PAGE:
In the end, lighten up on yourself and give yourself a break. Not too much of one. You still need to get your tail to work. But remember everyone has their own road, their own journey and process and keep your eyes on YOU and YOUR work.

What are your thoughts? Do you get discouraged with the process of writing? I know I do. Would be awesome to just spend 8 hours a day making up stories but there is a lot more to this. Do you maybe feel better if you believed you were taking too long? 15 years is a tough number to beat, LOL. Did you have a similar experience? Did you try a career you thought you’d love but then went…yeah NO.

I LOVE hearing from you guys!

****The site is new, and I am sorry you have to enter your information all over again to comment, but I am still working out the kinks. Also your comment won’t appear until I approve it, so don’t fret if it doesn’t appear right away.

Talk to me!

And to prove it and show my love, for the month of MAY, everyone who leaves a comment I will put your name in a hat. If you comment and link back to my blog on your blog, you get your name in the hat twice. What do you win? The unvarnished truth from yours truly.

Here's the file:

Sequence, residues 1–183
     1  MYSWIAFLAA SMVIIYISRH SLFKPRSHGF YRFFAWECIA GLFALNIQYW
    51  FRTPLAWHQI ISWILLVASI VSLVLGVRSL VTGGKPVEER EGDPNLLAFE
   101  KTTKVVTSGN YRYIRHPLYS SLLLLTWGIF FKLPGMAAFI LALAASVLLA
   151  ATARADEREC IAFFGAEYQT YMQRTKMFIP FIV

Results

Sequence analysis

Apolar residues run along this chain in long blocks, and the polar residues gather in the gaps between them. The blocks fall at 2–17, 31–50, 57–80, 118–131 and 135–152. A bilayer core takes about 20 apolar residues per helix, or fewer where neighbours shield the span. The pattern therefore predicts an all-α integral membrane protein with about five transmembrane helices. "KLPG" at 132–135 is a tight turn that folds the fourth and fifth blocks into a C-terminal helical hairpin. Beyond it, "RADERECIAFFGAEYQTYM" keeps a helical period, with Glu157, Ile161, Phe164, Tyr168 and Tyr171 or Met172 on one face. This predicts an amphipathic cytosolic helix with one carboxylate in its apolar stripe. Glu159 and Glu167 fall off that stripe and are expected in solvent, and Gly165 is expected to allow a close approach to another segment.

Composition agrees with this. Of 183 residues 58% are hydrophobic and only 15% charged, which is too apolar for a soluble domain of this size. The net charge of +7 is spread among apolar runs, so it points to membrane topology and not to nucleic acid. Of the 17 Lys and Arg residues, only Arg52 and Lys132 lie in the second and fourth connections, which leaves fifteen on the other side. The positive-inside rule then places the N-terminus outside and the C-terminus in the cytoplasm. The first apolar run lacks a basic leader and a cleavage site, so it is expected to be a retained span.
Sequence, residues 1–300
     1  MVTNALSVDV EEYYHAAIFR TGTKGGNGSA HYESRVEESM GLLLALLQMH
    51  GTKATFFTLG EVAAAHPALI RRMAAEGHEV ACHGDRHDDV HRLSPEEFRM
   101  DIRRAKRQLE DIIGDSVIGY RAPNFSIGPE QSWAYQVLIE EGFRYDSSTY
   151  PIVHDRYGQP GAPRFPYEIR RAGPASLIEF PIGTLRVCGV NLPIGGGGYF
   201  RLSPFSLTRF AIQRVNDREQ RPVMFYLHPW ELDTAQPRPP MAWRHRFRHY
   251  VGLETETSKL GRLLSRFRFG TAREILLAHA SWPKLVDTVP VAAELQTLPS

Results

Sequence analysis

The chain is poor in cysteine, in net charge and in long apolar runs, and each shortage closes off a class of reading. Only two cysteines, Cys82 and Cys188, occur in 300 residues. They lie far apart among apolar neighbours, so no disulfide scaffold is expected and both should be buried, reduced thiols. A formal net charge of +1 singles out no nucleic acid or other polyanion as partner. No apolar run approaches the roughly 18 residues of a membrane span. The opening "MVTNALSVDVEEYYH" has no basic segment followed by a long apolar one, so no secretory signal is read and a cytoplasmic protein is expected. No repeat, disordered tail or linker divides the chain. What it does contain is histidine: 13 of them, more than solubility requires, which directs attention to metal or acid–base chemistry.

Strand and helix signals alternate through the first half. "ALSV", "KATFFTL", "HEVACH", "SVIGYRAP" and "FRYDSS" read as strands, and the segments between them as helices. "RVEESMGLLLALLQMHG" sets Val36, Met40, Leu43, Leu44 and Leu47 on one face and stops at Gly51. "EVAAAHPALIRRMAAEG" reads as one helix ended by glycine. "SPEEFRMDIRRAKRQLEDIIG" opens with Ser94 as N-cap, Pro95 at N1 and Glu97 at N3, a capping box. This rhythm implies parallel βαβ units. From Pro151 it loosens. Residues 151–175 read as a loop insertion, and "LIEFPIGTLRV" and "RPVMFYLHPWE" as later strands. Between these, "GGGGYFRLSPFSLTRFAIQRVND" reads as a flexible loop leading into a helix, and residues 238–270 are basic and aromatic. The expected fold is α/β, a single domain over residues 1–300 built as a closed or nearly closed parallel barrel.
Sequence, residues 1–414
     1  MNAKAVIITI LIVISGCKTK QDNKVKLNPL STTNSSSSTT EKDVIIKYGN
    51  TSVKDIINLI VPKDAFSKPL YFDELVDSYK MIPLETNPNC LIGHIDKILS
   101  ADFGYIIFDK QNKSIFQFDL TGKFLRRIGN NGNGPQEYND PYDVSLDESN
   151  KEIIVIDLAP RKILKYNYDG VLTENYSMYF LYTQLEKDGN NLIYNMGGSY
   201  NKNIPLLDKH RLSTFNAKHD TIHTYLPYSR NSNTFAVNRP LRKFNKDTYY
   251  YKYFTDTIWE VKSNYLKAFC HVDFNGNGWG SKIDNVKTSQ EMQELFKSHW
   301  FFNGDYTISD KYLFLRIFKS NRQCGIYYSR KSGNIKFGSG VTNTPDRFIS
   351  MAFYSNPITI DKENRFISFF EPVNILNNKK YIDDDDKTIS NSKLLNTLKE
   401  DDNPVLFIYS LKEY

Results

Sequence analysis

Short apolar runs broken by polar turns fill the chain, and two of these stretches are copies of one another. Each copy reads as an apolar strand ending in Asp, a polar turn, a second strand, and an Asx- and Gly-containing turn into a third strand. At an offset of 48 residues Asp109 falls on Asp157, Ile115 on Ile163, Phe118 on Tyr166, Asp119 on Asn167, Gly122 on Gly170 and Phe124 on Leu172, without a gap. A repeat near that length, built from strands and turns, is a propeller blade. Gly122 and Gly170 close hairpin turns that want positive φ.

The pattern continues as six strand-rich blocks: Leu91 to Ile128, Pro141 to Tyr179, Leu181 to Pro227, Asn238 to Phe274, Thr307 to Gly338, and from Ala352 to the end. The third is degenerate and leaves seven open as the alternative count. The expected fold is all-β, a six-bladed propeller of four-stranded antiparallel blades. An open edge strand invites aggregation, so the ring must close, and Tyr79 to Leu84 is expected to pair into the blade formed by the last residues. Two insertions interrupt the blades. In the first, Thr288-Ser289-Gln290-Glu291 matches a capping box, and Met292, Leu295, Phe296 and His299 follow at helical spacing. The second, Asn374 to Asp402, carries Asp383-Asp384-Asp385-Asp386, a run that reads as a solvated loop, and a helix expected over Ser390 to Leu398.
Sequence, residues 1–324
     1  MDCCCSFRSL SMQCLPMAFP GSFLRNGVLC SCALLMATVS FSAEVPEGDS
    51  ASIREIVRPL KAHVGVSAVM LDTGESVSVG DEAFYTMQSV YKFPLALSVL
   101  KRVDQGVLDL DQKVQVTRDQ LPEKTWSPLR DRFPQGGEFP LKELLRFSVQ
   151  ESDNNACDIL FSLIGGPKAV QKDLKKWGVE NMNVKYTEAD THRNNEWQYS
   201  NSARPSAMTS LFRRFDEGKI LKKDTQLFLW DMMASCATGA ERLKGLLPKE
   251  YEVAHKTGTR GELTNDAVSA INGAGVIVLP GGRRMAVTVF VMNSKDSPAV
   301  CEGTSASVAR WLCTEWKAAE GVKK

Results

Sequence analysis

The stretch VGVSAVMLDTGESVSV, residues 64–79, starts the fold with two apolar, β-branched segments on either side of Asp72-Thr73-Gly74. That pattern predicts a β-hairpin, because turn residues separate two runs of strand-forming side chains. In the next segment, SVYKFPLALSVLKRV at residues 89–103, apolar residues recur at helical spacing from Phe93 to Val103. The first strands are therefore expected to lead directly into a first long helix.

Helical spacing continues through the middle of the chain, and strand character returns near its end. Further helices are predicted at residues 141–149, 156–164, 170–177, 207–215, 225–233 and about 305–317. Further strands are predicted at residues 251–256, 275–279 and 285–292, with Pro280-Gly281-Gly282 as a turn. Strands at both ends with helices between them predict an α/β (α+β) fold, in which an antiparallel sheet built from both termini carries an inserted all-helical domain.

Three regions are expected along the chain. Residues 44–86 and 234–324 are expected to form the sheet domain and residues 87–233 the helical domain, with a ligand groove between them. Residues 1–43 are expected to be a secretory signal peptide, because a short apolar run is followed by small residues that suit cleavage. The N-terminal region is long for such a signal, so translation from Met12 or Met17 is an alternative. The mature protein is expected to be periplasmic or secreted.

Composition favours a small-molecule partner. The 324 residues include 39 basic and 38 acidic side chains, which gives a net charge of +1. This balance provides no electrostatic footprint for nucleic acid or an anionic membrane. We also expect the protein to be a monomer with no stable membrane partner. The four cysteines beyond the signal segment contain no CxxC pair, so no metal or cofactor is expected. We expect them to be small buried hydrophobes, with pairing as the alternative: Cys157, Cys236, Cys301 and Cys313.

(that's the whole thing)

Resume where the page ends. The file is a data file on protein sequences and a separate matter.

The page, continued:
I will pick a winner once a month and it will be a critique of the first 20 pages of your novel, or your query letter, or your synopsis (5 pages or less).

***April’s winner is Carl D’Agostino. Please send your 5000 word WORD document to kristen at wana intl dot com. Double-spaced, one-inch margins and New Times Roman and CONGRATULATIONS!

SIGN UP NOW FOR UPCOMING CLASSES!!! 

Remember that ALL CLASSES come with a FREE RECORDING so you can listen over and over. So even if you can’t make it in person? No excuses! All you need is an internet connection!

BUNDLE DEALS!!! 

Book Bootcamp  $99 ($130 VALUE)

Book Bootcamp GOLD $269 ($430 VALUE) This includes the log-line class, antagonist class, the character class AND a three-hour time slot working personally with ME. We will either plot your idea or, if your novel isn’t working? Fix it! Appointments are scheduled by email. Consults done by phone or in virtual classroom.

Individual Classes with MOI!!! 

Pitch Perfect—How to Write a Query Letter and Synopsis that SELLS! $45 May 25th, 2017

The Art of Character $45 May 18th, 2017

NEW CLASSES/INSTRUCTORS!!! 

Shift Your Shifter Romance into HIGH Gear $35 May 19th with powerhouse editor Cait Reynolds.

Researching for Historical Romance (How to NOT Lose 6 Hours of Your Life on Pinterest) $35 May 20th

 

For those who need help building a platform and keeping it SIMPLE, pick up a copy of my latest social media/branding book Rise of the Machines—Human Authors in a Digital World on AMAZON, iBooks, or Nook